Hmm . . . I wonder what increased the risk of losing kidney function in the first place . . .
Anywho. From a strict health perspective, nobody should be in the obese range aside from people who know the risks and accept them, which is a tad bittersweet for me as long as you’re happy, or athletes who need to be at a high weight for their sport (sumo, American football, etc.)
There are some cases (most, in fact), where you absolutely should lose weight, like if you have the following goals.
When it comes to maximizing longevity, it seems that being physically active isn’t enough.
Despite previous evidence on this topic suggesting that an elevated BMI was associated with protective effects, a follow-up analysis showed this was simply because many of the already sick people were at a low weight due to illness.
In other words, the advice of keeping a healthy BMI of around 18.5 to 25 still stands.
It’s not like being slightly over that guarantees you’ll die sooner, but it is significant. As the lead author puts it “ . . . an extra 3 to 4 units on the BMI scale is associated with a 5% increase in all cause mortality . . . ” So, going from a BMI of 20 to 23 to 24 increases your chances of dying over a set period of time by about 5 percent.
Also keep in mind this is a population based study using BMI as a measurement, and it may not apply (read: likely won’t apply) to situations where exercise is used to gain muscle mass while simultaneously losing fat mass.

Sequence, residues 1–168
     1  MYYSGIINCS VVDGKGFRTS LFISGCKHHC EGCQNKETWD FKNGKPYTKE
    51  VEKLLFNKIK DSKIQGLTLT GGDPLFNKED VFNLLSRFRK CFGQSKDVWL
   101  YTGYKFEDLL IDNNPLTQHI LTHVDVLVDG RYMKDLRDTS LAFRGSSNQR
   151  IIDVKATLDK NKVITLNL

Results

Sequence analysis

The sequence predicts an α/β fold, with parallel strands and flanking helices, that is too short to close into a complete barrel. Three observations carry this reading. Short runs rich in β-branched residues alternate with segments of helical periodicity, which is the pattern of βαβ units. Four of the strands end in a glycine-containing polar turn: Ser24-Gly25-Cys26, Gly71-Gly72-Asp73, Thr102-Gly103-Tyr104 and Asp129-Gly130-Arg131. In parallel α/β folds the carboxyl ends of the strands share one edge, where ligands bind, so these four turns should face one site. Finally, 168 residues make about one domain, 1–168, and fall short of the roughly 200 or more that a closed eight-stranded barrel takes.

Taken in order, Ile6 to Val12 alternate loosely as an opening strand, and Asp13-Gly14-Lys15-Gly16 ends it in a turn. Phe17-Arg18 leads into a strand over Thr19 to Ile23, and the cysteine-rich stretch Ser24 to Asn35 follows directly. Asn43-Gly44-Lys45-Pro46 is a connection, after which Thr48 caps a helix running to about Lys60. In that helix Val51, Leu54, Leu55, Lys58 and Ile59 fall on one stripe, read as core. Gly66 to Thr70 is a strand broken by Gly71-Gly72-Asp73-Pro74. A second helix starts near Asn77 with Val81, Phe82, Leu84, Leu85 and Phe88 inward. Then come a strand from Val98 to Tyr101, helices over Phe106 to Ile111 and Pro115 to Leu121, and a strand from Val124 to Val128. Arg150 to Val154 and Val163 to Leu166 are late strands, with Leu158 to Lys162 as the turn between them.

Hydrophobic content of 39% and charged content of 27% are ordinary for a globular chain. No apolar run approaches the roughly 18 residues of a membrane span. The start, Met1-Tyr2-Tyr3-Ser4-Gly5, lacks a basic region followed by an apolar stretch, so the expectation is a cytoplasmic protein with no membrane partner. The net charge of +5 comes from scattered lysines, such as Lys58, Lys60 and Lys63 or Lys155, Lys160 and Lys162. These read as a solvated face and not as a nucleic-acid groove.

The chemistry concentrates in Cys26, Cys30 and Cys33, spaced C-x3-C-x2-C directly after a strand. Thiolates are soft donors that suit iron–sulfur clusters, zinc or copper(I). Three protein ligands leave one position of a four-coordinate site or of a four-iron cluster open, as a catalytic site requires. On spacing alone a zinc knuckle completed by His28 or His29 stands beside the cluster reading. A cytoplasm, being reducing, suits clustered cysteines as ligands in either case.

Also don’t miss the forest for the trees here, it’s epidemiology.
A BMI of 25 may be an independent factor of all cause mortality but it’s not like exercise is irrelevant—it’s even more important—but if you want the best bang for your buck and the longest and healthiest life you can, let that exercise take a few pounds off as well.
For reducing your risk of dying, exercise. However, if you want the most benefits, exercise and get your BMI close to the normal, healthy range (maybe a bit above that if you have a lot of muscle mass). Don’t stay obese and think you’re fine.
Sleep apnea is a condition where breathing during sleep is interrupted.
Truth be told, there may be some instances where becoming physically fit helps sleep apnea even without any changes in weight, but other times sleep apnea is literally just the fault of being fat.
The reason is because if you’re lying on your back, excess weight on your chest can push down on your lungs, making it difficult to breath. This isn’t so much of an issue with being slightly overweight, but it becomes common for the obese.
This is a major reason why some people with sleep apnea choose to sleep in an upright position, and why weight loss itself can normalize breathing for about one in five people with sleep apnea who sleep on their backs.
If you have sleep apnea or other breathing issues during sleep (snoring), then you should strongly consider losing weight.
At the end of the day, being in the normal or overweight BMI range is ideal. Every instance of exercise benefiting health without weight loss is also an instance where weight loss would provide even more benefit.
But, weight loss is often hard and doesn’t happen as fast as we’d like, so it’s nice to know that not all efforts are futile. When it comes to maintaining your heart, brain, and metabolic health, being active is simply better than being inactive, regardless of your weight (although being leaner is still better).
That being said, this mainly applies to people who are overweight or obese. If you’re morbidly obese, then forget everything you read and get some protein powder and broccoli in you, start following a meal plan, and get in the gym.